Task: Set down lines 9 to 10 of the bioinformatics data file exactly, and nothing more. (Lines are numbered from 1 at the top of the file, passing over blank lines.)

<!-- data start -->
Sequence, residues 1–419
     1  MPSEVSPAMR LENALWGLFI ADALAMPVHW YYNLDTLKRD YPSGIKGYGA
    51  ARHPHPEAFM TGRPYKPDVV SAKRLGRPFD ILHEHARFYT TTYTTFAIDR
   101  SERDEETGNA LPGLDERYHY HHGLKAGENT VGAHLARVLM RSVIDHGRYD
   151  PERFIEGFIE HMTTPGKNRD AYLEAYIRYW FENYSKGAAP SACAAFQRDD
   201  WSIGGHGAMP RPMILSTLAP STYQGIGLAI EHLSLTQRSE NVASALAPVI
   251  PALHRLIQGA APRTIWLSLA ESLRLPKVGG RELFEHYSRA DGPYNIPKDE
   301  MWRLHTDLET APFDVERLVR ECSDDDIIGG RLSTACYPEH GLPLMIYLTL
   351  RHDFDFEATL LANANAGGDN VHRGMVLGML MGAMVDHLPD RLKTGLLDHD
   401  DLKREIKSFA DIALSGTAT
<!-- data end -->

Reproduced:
   351  RHDFDFEATL LANANAGGDN VHRGMVLGML MGAMVDHLPD RLKTGLLDHD
   401  DLKREIKSFA DIALSGTAT